2009 in the rearview, part two coming up…stay tuned…and tell me about your 2009 favorites! Leave a comment here.

cruelest month

April 3, 2009

It happened rather quietly, maybe you haven’t even noticed yet. April arrived midweek without much more notice than Carl Sandburg’s fog gave as it crept in on cat’s feet.

2009 Nat'l Poetry Month Poster

2009 Nat'l Poetry Month Poster

With the new month comes the beginning of National Poetry Month30 mellow days set aside every year to encourage reading, writing, reflecting upon, and – most important of all – sharing your own creative expressions of the written word.

There are too many music/poetry connections to list…from Orsino’s “If music be the food of love, play on” (Shakespeare’s Twelfth Night ), to Kerouac’s gritty bop-infused musings to the 700+ (!)  songs written by Franz Schubert on verse by contemporaries including  Goethe, Byron, Heine and Rückert. (And that’s just Schubert: now think about the thousands of other works by musicians in all genres through the centuries, inspired by poetry of one kind or another.)

If you aren’t familiar (and even if you are) with Kurt Elling’s recent read on “The Waking”, treat yourself to a special experience and take a few minutes to check it out.  Elling’s tribute is nothing short of breathtaking in its fresh, spare (voice + string bass duet), passionate and perfectly metered interpretation of the classic Roethke poem. Elling is one of our finest living jazz vocalists, and he’s a devoted poetry fan. It’s evident in every thoughtfully nuanced note he sings.

brilliant-corners-winter-08Collections of poetry on musical themes can also make for fun reading,  “What Sweeter Music” (Everyman’s Poetry, 2000) is a nice one and so is “The Music Lover’s Poetry Anthology” (Persea Books, 2007).

Some of my favorites in this genre are actually collections of poetry written about jazz. Something about the raw, visceral roots of this music inspires poetry of equal power. For one of the best anthologies look no further than the ongoing series “Brilliant Corners” (named after the Monk tune, edited by Sascha Feinstein). 24 issues to date and counting, with contributions from names that resonate deeply with the bebop beat: Billy Collins, Amiri Baraka, Hayden Carruth, Philip Levine.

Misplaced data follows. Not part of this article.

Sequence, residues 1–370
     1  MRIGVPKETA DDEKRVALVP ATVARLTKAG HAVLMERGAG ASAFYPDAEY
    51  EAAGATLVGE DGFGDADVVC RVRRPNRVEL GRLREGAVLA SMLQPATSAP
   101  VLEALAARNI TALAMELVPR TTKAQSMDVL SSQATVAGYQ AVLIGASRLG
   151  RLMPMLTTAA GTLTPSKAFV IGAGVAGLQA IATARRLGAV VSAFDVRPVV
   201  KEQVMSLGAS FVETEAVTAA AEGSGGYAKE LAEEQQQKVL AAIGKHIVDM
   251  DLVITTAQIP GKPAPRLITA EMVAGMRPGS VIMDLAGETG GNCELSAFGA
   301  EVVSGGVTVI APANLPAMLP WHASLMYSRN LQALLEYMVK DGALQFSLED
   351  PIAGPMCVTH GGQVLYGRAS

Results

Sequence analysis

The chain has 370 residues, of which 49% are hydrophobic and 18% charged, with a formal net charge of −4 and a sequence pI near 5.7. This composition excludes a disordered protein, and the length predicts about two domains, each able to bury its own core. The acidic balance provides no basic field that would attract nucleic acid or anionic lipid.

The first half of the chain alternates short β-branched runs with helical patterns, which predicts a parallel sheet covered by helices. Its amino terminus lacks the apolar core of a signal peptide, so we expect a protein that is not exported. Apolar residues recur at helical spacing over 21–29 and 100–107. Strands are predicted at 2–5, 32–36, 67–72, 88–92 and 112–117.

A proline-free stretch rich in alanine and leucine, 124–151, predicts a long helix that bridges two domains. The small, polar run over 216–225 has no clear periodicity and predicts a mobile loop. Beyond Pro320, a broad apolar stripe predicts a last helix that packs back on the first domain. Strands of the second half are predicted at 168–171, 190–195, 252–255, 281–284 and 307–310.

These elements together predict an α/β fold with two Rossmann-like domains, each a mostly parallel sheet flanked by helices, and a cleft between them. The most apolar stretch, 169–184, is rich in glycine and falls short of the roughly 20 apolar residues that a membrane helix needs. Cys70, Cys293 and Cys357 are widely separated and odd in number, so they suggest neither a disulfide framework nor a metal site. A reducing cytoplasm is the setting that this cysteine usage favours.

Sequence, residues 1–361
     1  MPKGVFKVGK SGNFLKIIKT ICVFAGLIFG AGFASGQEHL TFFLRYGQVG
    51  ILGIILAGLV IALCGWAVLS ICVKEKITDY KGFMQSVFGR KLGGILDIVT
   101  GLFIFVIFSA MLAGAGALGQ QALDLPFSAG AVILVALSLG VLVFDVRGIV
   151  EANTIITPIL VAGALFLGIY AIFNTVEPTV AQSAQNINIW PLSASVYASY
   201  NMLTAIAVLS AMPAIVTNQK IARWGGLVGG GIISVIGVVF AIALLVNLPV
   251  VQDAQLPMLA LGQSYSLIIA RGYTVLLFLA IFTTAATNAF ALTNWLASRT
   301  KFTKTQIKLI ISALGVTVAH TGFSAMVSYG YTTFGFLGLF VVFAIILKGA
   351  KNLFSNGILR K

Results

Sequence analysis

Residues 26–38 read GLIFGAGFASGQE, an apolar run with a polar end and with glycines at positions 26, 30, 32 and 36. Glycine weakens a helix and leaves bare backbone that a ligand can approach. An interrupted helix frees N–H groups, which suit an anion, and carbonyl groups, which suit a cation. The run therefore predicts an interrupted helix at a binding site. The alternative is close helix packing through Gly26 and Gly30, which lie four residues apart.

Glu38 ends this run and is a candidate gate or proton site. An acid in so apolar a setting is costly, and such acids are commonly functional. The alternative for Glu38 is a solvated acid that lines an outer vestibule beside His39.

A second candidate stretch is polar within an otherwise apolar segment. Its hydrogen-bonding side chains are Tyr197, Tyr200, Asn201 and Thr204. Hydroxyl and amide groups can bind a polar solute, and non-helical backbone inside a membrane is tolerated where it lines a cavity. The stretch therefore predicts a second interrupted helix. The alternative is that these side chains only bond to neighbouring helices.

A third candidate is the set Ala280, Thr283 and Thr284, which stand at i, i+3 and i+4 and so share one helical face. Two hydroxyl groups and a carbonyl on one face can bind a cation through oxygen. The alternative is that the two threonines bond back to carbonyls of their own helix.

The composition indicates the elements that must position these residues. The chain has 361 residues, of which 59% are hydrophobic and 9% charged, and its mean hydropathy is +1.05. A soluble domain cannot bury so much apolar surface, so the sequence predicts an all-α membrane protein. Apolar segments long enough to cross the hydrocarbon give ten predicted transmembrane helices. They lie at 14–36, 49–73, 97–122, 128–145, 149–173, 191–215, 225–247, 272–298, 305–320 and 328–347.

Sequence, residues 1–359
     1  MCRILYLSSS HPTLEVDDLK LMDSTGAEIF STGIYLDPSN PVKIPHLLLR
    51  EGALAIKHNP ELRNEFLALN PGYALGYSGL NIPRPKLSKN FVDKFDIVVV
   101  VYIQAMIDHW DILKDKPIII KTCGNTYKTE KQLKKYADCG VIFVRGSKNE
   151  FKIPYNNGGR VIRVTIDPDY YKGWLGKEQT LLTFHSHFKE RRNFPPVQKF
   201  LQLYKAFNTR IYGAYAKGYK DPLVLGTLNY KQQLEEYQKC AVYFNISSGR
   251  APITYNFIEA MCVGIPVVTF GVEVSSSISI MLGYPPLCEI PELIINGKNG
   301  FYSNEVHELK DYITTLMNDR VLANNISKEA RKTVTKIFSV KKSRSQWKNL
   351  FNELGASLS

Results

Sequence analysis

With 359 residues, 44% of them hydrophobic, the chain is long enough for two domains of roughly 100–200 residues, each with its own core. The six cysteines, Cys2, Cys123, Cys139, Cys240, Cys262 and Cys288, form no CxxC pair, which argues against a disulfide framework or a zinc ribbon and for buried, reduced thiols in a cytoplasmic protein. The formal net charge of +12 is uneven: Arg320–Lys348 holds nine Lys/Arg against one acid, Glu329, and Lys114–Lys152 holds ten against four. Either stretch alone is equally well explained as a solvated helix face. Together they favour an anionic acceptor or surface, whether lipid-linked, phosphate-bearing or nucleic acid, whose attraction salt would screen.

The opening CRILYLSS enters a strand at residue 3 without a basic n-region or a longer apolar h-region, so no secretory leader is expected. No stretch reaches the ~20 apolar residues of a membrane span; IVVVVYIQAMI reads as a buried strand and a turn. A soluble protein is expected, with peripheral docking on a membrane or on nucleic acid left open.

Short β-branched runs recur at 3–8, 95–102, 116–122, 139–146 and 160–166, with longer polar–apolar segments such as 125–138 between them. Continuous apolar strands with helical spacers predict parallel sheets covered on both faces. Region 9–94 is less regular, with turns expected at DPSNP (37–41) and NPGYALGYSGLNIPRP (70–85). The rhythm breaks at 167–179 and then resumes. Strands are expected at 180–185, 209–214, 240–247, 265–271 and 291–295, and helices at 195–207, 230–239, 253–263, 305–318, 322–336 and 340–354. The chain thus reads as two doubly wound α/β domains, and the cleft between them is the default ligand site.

And you don’t have to live in NYC or Philly, or have a standing reserved table at Baker’s or Tippitina’s to be hip to today’s jazz and jazz lit. Right here on the homefront, Vermont poets like Major Jackson, David Budbill (who also has credits on several spoken-word recordings), David Huddle and many others give the music new dimension in their writings.

Not a poet yourself? Not everyone is. You don’t have to write poetry to read poetry and appreciate it, in one form or another.

If you have written poetry about music and you’d be interested in sharing it, click on “Comment”, below. Include your poem in the note and let me know if it’s OK to make it public and post it. (When you send me a comment here your poetry will not go directly on to the world of music site, it will only be posted if you tell me it’s alright to share it.)

Every ‘slam‘ starts with an offering from a sacrificial poet. I’ll volunteer myself this time, though in doing so I’m not exactly claiming to live up to the title! In the spirit of Nat’l Poetry Month, here’s one I wrote about a year ago. It struck me how ludicrous it was to be driving home in a blinding ice storm when I couldn’t even see the road, jamming to Willie Colón’s hot salsa grooves turned up LOUD. The music made for such a seductive contrast to the Vermont winter raging on all around, impassive and oblivious.

Ice Storm

Drove off the road
to Willie Colón
– floated, more like it.

Sliding aside
‘bones and bongo
a two-step glide
with San Juan’s favorite son.

All alone on the bodega floor
the flowered dress
wants more.
She sways,
perfumed counterpoint
to the grey gringo suits,
grim and cool
from the smoky corners
of a Nor’Eastern winter.

Only their eyes move.

Left, to right, to left.

Got one to share? Send it on over.  And, cheers to April!